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Final Progress Reports: Dartmouth College: Methylmercury Production and Fate in Response to Multiple Environmental Factors

Superfund Research Program

Methylmercury Production and Fate in Response to Multiple Environmental Factors

Project Leader: Celia Y. Chen
Grant Number: P42ES007373
Funding Period: 2000-2021

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Final Progress Reports

Year:   2020  2013  2007  2004 

The goal of this project is to understand how toxic metals are transferred from the environment through aquatic food webs to fish resulting in human exposures.  In addition, this project seeks to link population level and genomic responses to metal exposure in the model organism, Daphnia pulex.  In the last year of this study, Drs. Folt and Chen, with their laboratory scientists, have focused on conducting a field sampling program in Lake Champlain, analyzing our existing field data sets, conducting laboratory demographic experiments using Daphnia pulex clones collected from metal contaminated and reference lakes in the Sudbury and Dorset regions of Ontario Canada, and preparing and submitting manuscripts.

In a collaboration with scientists at the US Geological Survey, VT DEC, and St. Lawrence University, scientists have been investigating the relationship of productivity to Hg and MeHg bioaccumulation in zooplankton and fish within a single lake system between basins of contrasting trophic status (oligotrophic vs. eutrophic) in Lake Champlain.  Field work was conducted in the summers of 2005-7 in two sites.  The analysis of zooplankton samples for MeHg required high resolution, low detection level methodologies designed particularly for these studies by the Trace Element Analysis Core facility of the Dartmouth SBRP program.  Results to date show that similar to patterns observed across multiple lakes in the region, the oligotrophic site in L. Champlain has consistently lower MeHg concentrations in zooplankton.  These data are being incorporated with water, fish, and sediment Hg data into an Hg fate model developed by collaborators at St. Lawrence University.

Genomic biomarker development has been conducted collaboratively with Arsenic as an Endocrine Disruptor and Indiana University to identify patterns of gene expression in D. pulex exposed to metals (i.e., As, Cd, Zn). Scientists are using microarrays to link genomic response to demographic responses to metal exposure in natural populations of D. pulex. These include over 200 isolates from seven lakes in the historically polluted Sudbury region of northern Ontario and seven reference lakes in the nearby Dorset area that have received little industrial metal contamination. These isolates, which are now established in the laboratory, have been genotyped and represent over 100 unique clonal populations. Scientists characterized the population-level differences between these two groupings (e.g., metals contaminated lakes vs. reference lakes) when exposed to a suite of metals that will include cadmium, arsenic, copper and nickel. These life-table studies revealed that Sudbury populations have adapted to metal stress, but that these adaptations are metal dependent. For example, greater reproductive success was observed in D. pulex collected from metal contaminated lakes in the presence of Cd compared to daphniids collected from the reference lakes indicating adaptation to Cd; however, in similar tests with arsenic differences between Sudbury area and Dorset area Daphnia were not apparent. Scientists are now investigating these identified phenotypes in relation to microsatellite markers for neutral loci, as well as those linked to metal responsive genes, such as metallothionein. Studies are now underway to investigate variability in adaptive response at both the genomic and population-level within and between lakes for these two regions.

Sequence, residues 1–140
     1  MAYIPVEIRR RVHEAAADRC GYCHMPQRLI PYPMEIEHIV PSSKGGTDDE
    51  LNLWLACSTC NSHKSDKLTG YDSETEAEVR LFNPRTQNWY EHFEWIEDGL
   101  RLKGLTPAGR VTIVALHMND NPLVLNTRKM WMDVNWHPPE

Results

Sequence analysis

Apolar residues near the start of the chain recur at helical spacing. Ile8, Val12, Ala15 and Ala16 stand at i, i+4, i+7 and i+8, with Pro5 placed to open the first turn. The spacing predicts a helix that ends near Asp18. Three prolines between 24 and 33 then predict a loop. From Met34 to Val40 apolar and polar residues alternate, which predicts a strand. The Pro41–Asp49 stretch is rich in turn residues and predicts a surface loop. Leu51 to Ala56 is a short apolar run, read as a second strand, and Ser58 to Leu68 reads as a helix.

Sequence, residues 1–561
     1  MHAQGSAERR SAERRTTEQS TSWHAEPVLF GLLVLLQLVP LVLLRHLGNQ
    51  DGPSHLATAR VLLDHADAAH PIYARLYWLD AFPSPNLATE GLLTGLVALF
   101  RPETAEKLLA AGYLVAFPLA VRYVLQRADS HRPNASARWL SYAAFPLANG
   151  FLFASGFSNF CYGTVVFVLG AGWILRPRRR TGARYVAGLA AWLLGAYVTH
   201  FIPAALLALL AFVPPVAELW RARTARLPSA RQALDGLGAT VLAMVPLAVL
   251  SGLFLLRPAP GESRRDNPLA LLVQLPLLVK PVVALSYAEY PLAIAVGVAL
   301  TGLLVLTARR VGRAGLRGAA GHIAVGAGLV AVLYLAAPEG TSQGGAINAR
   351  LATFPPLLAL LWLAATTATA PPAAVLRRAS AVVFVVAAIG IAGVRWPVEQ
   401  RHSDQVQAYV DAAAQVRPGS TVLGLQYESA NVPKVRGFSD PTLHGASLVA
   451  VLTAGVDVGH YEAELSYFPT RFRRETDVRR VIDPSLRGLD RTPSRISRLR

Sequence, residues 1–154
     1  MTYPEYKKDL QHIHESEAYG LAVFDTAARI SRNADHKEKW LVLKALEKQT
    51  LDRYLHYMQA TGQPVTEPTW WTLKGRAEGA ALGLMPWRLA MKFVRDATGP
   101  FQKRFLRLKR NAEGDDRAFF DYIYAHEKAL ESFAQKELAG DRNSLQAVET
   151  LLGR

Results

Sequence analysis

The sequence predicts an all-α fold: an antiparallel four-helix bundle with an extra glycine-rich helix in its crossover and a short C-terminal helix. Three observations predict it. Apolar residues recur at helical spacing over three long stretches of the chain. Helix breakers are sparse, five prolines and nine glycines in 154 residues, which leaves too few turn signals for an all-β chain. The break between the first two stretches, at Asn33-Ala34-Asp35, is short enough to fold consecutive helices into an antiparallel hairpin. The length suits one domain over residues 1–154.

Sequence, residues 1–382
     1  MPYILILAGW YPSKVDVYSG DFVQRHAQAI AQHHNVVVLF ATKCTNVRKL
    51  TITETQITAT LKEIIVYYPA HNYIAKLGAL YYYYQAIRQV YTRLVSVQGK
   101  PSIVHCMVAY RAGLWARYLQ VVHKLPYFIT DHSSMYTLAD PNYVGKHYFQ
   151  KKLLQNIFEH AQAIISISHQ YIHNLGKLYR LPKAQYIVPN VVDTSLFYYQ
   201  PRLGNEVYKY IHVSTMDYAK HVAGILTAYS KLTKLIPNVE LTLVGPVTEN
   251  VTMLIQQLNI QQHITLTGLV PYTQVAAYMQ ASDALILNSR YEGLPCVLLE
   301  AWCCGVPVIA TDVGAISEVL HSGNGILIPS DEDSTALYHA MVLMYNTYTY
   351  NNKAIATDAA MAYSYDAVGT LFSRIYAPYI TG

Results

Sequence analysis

Finally, the lab has been analyzing past field datasets to investigate the temporal pattern of MeHg bioaccumulation in zooplankton and in fish, and the importance of benthic vs. pelagic food webs in the transfer of MeHg and Hg to fish. In the temporal study, seven lakes were studied over the growing season to determine if there were significant differences in MeHg and THg through time and between different size fractions of zooplankton (45-100, 100-202, and >202 µm).  As hypothesized, scientists find that MeHg increases with increasing size of zooplankton whereas THg decreases with increasing size. This confirms that even within the zooplankton food web, MeHg is the Hg species that is biomagnified. Seasonal patterns show that THg and MeHg in zooplankton exhibit similar temporal patterns with the highest concentrations in spring and summer but declining in fall. These findings reinforce the value of the high resolution, high through-put techniques developed with the TEA Core to measure HgI and MeHg in low biomass samples. In another field study, scientists sought to understand the importance of specific prey taxa from littoral (including benthic and shoreline habitats) and pelagic habitats as conduits of metals to fish, they compared Hg, As, Cd, Zn and Se in common littoral invertebrates and pelagic zooplankton prey in five lakes across a range of trophic conditions and over a season in one lake. The lab found that zooplankton consistently had higher concentrations of As, Se, Zn, and Hg than littoral invertebrates. These results support other results they have, indicating that Daphnia are conduit species for Hg trophic transfer.  

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